The Leaflet: National Mental Health Awareness Month Shines Light on Mental Health Service Shortage
May is National Mental Health Awareness Month, a week which aims to shine a light on a major health care crisis in the United States, including the shortage of mental health facilities and services for the 62 million Americans who experience mental
May is National Mental Health Awareness Month, a week which aims to shine a light on a major health care crisis in the United States, including the shortage of mental health facilities and services for the 62 million Americans who experience mental illness each year. The scope of the mental health shortage is alarming; according to the National Alliance on Mental Illness, “1 in 5 Americans will be affected by a mental health condition in their lifetime and every American is affected or impacted through their friends and family.”
The dramatic increase in suicide rates over the last two decades is troubling. According to a recent study from the National Center for Health Statistics, the overall suicide rate rose by 24 percent from 1999 to 2014. This increase includes a 63 percent increase from women ages 45 to 64 and a by 43 percent increase for men in the same age range, the largest increase for males of any age. Overall suicide has become the 10th leading cause of death in the United States, the third leading cause of death for people aged 10–24, and the second leading cause of death for people aged 15–24, according to the Centers for Disease Control and Prevention.
In a December issue of Consumer Power Report, Heartland Executive Editor Justin Haskins examines some of the causes of the mental health shortage and argues recent reforms such as the Affordable Care Act do little to address this problem; the free market is where solutions lie.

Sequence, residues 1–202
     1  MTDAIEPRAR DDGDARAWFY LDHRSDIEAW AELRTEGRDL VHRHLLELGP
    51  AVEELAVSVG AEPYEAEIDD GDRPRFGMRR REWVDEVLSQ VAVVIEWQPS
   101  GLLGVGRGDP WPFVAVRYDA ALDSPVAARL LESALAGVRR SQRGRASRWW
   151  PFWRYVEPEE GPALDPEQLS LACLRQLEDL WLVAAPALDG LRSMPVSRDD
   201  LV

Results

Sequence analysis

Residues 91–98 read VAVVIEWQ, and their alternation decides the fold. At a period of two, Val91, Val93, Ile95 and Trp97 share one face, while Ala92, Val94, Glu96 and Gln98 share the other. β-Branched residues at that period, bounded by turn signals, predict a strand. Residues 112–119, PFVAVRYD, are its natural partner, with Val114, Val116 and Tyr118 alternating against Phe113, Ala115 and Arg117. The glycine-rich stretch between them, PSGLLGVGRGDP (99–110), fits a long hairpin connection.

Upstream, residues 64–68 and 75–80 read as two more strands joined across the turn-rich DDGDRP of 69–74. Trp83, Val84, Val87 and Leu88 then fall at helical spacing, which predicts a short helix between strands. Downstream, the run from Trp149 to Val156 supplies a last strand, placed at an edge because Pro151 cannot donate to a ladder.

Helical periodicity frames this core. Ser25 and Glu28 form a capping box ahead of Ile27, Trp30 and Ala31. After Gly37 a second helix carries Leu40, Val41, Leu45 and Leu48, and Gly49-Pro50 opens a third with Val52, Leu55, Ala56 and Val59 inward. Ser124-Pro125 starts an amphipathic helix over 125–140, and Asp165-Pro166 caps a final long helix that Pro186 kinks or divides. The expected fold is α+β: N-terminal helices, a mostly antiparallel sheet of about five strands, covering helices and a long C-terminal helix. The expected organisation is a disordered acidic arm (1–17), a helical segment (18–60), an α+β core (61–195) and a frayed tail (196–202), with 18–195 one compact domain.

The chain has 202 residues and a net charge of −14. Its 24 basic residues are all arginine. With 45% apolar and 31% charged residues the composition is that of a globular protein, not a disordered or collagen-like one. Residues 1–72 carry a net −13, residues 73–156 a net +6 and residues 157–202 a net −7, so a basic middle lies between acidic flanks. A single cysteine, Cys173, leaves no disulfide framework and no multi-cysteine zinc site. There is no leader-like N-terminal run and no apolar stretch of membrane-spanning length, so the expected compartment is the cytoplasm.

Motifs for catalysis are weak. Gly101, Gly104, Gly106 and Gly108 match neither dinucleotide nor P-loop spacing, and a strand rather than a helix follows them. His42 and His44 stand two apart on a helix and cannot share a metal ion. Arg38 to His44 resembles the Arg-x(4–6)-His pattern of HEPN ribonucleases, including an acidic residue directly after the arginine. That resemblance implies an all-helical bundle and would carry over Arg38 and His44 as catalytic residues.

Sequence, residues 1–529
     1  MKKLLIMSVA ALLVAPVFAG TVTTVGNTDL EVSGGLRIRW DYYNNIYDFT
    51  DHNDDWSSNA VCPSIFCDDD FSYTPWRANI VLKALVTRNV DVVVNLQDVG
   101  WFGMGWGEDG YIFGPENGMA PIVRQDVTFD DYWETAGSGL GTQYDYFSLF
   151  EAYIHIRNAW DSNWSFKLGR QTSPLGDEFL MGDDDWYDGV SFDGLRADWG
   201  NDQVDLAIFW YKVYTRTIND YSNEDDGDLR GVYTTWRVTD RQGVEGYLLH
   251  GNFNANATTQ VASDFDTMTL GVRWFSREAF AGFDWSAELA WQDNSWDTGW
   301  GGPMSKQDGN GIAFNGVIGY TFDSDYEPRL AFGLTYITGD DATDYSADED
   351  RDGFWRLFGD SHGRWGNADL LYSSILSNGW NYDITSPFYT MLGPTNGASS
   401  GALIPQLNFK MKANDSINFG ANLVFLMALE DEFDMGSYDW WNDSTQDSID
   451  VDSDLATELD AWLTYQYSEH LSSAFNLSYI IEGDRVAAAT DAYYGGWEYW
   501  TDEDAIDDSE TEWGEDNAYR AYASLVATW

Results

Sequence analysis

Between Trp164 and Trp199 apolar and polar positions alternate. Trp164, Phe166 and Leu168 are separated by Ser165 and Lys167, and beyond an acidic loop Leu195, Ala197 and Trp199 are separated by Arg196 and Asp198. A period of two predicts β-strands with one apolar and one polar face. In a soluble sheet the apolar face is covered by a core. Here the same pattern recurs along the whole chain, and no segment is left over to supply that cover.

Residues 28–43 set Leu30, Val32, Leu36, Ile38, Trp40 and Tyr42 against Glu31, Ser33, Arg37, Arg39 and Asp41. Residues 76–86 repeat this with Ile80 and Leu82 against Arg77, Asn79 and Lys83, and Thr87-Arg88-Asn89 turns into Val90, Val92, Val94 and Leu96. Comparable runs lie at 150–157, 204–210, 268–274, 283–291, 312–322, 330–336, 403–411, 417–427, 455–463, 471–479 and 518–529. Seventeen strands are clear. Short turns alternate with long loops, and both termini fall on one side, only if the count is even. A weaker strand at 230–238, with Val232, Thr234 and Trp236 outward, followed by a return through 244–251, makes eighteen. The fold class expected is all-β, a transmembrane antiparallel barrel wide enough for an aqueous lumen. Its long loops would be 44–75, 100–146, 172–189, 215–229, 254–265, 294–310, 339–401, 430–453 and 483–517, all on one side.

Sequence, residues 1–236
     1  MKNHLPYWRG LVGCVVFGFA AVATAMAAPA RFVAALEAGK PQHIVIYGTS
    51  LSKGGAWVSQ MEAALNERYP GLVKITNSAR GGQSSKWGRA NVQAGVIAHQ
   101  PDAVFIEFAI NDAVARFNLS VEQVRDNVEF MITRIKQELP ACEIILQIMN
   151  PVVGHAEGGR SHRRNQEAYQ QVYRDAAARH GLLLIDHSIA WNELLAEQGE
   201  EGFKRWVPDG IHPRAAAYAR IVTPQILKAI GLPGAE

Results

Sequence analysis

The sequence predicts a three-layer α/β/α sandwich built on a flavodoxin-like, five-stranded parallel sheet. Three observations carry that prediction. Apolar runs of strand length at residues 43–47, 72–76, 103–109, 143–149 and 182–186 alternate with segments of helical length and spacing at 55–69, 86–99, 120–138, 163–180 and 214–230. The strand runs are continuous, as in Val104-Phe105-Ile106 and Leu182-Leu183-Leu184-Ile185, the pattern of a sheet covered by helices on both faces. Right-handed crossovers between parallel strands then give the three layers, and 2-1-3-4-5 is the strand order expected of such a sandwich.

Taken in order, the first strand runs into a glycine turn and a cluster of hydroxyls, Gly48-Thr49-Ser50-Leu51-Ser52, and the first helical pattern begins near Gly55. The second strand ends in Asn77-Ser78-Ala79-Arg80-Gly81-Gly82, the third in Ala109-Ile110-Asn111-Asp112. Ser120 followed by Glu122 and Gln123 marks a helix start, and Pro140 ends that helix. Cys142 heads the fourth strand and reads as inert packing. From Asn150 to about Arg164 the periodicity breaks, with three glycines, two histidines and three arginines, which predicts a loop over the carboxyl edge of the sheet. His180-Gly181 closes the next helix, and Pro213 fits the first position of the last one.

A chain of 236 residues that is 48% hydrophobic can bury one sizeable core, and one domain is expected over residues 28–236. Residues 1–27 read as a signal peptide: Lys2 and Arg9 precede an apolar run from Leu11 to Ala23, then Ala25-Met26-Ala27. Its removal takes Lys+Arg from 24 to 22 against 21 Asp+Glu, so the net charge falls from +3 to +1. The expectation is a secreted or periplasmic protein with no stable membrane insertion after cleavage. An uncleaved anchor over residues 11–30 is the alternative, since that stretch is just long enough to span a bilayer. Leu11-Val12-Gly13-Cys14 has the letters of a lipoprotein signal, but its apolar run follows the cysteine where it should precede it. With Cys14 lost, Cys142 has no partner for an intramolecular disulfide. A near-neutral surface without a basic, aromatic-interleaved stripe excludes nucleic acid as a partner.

“While it’s true provisions in ACA and other federal laws may help motivate private health care providers to offer increased mental health services using innovative methods such as telemedicine, giving credit to the federal government for improving health care is akin to calling someone a hero for setting a city on fire and then suppressing the flames in one building,” wrote Haskins. “Any market’s success hinges on competition among businesses and industries. U.S. health care is a heavily regulated, anti-free-market system in which innovation is frequently stifled and health services monopolies are supported and created by government agencies.”
One of these obstacles is state certificate of need (CON) laws. CON laws attempt to reduce health care costs by eliminating unnecessary services and encouraging the consolidation of health care providers. Several studies conducted over the years have shown CON laws have actually caused a number of significant problems.
“Mental Health America ranked all 50 states and Washington, DC for prevalence of mental illness and access to mental health care services,” wrote Haskins in a recent opinion article. “Of the 30 states, including Washington, DC, with the worst rankings, 23 have CON laws or variations on CON legislation. Of the remaining seven states, four are among the lowest in population density, which is also linked to suicide rates for the same reasons CON laws are: lower access to mental health professionals.”
Government regulation of the health care industry has played a role in limiting the expansion of needed mental health services. State and federal legislators need to remove these barriers and allow the market to provide the mental health services the public is clamoring for.
The Heartland Institute recently launched a website gathering up-to-the-minute writings by Heartland research fellows, policy advisors, editors, and reporters that focus on the subject of mental health care and improving health care access.
Heartland covers mental health care from two angles, both with patients at the center. The first promotes innovation in reaching, treating, and improving the quality of care for mentally ill Americans. The second identifies solutions to public policies obstructing innovation and delivery of mental health services. Mentally ill patients and their families ought not and cannot afford to languish in a tug-of-war between innovation and public policy.
What We’re Working On
Emerging Issues Conference Call
On Thursday, May 26, 2016, at 3:00 pm EST, the Heartland Institute will be hosting a conference call to preview our upcoming Emerging Issues Forum in Chicago, Illinois, which will be held August 7–8. We will be speaking with Lindsey Burke from The Heritage Foundation, a panelist for the event about the emerging issues in education policy. To receive the call-in information for the event, please RSVP to Lindsey Stroud at Lstroud@heartland.org or at 312/377-4000.
Research & Commentary: Michigan Should Move Away from Maintenance of Certification